You can also use the tar command to extract both tar.gz and tar.bz2 archives.

To create a compressed tar file, you need to use the -c flag.

For example, tar -cvzf archive.tar.gz directory.

To extract the contents of a tar archive, you need to use the -x flag.

For example, tar -xvzf filename.tar.gz.

If you want to extract the contents of a tar archive to a different directory, you can utilize the -C flag.

For example, tar -C /dir/tar/here -zxvf archive.tar.gz.

Example of using the tar command

tar -cvzf archive.tar.gz directory
tar -xvzf archive.tar.gz
tar -C /dir/tar/here -zxvf archive.tar.gz

To learn more about the tar command, be sure to check out our full guide. It will take you through some of the different options you can use with the command.

WGET Command

The wget command is useful for downloading files from a website to your device.

wget [OPTIONS] [URL]

The most basic usage of the wget command involves using wget followed by the URL that links to the file you want to download.

For example, wget will download file.txt from the website into the current directory.

If you would like to save the file to your device with a different name, you use the -O flag, followed by the name of the file you want to use.

For example, wget -O pimylifeup.txt will download the file called file.txt then redirect the download output to our pimylifeup.txt file.

Example of using the wget command


To learn more about the wget command, check out our dedicated guide.

Search Commands

This Linux command cheat sheet section is for commands that search or find directories and files.

These commands are handy when trying to find something that is not in its usual location.

GREP Command

The grep command is useful to search inside files for certain patterns.

It is quite a powerful tool as you can use complex


GREP stands for globally search a regular expression and print.

For example, grep "search" *.txt will search all text files in the current directory for the string “search”.

GREP also supports regular expressions, allowing special letter combinations to be included in the search.

Example of using the grep command

grep "search" *.txt
grep "Pi.*Life Up" *.txt

You can do a lot more with the grep command, so make sure you read our in-depth tutorial for more information.

FIND Command

The find command will search for directories and files that match a specific pattern.


There are a lot of different combinations that can be used to help extend the accuracy of this command.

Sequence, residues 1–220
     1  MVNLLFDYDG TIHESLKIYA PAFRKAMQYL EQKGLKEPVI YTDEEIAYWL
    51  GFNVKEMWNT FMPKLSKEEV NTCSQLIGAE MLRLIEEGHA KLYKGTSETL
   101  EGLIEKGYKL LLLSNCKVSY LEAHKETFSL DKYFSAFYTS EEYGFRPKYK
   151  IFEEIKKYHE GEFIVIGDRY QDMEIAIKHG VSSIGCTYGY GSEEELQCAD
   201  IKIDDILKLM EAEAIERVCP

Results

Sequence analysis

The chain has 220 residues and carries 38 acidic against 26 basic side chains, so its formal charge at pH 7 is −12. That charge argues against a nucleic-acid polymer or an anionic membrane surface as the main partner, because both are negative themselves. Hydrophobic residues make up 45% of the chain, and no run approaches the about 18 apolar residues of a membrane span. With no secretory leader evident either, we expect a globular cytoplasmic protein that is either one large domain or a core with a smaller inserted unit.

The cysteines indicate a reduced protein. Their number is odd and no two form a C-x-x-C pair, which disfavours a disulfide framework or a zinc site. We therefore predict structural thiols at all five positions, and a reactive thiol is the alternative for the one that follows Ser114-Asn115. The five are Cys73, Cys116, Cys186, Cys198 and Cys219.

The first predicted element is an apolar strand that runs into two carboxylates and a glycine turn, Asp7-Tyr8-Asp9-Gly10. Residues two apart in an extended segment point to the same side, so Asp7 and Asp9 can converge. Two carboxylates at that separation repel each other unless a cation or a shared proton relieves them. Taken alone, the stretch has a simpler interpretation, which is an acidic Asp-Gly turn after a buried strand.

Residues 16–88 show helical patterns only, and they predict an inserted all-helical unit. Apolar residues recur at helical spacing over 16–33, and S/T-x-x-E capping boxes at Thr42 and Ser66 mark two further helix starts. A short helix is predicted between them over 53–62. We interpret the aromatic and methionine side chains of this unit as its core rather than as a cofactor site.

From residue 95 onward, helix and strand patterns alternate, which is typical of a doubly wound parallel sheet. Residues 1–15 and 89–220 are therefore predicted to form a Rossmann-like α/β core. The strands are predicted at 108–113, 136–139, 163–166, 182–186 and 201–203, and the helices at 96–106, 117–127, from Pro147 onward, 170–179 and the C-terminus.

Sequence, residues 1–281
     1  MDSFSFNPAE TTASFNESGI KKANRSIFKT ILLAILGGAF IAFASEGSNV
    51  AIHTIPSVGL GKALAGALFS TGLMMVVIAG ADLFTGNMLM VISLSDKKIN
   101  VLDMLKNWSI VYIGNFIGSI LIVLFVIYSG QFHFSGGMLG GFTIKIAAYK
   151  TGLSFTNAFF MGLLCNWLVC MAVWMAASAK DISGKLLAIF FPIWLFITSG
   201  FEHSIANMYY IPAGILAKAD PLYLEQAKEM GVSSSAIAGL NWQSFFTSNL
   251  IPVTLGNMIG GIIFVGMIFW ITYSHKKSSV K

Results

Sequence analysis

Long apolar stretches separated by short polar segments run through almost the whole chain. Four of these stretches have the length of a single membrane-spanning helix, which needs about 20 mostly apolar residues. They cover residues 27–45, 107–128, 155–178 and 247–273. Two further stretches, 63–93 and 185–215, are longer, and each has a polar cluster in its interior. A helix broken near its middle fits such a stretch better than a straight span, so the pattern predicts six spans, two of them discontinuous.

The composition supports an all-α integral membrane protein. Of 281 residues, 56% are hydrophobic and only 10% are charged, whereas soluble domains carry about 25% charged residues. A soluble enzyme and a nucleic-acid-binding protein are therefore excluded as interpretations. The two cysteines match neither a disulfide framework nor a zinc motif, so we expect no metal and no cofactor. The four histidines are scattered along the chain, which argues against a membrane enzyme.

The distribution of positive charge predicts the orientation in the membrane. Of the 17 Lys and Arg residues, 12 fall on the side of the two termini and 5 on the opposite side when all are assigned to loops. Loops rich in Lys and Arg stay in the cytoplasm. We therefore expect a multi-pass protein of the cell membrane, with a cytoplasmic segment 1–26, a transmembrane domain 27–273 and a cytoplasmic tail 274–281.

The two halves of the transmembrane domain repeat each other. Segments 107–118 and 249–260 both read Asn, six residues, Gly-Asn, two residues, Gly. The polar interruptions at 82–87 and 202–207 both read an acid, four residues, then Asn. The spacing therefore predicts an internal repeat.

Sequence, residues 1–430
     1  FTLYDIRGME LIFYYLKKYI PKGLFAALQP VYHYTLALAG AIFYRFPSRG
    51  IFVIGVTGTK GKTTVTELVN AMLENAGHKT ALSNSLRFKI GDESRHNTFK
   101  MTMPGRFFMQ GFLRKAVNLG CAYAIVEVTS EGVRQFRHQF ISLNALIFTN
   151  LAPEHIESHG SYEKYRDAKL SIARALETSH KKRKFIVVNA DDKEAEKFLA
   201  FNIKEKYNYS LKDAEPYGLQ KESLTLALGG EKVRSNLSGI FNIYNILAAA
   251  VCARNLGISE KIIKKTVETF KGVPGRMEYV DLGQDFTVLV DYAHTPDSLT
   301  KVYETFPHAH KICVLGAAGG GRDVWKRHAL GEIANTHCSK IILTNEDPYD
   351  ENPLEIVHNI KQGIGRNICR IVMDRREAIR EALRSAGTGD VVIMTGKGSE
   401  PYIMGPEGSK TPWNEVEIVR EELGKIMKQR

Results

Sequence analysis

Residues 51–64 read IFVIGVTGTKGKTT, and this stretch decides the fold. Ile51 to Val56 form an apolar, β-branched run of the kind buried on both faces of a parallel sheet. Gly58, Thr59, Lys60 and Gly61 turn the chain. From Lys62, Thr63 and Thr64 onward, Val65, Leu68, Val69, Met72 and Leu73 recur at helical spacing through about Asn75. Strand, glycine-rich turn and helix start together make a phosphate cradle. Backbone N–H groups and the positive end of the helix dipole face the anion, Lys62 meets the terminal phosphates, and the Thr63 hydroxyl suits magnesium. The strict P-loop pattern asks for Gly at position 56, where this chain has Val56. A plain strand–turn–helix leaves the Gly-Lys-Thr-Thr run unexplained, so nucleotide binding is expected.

The find command results can be piped (|) through to other commands such as grep to improve the search.

Example of using the find command

find . -name 'help'


The whereis command will display a specific command’s documentation, binaries, and source files.

It will look through standard program locations until it finds the requested command.

Example of using the whereis command

whereis grep

We have a bit more information on the whereis command that might be worth checking out.

Networking Commands

The following commands are related to networking and can be used for diagnostics when working out network-related issues or just for information gathering.

We have included these commands as they can be useful for dealing with a Linux operating system and testing networking.

PING Command

The ping command is typically used to check if communication can be made with another host and monitor the response time.


You can simply use it with the default settings by specifying a hostname (e.g. ping or an IP address (e.g. ping

Example of using the ping command


Be sure to learn some of the other useful options you can use with the ping command.


The hostname command will display the current hostname of the system.


A privileged (super) user can set the hostname to a new one by supplying it as an argument (sudo hostname newName).

The -I flag can be used alongside the hostname command to show the device’s IP.

Example of using the hostname command

hostname -I
sudo hostname newName

There is more to know and understand about this command, so check out our hostname command tutorial if you are interested.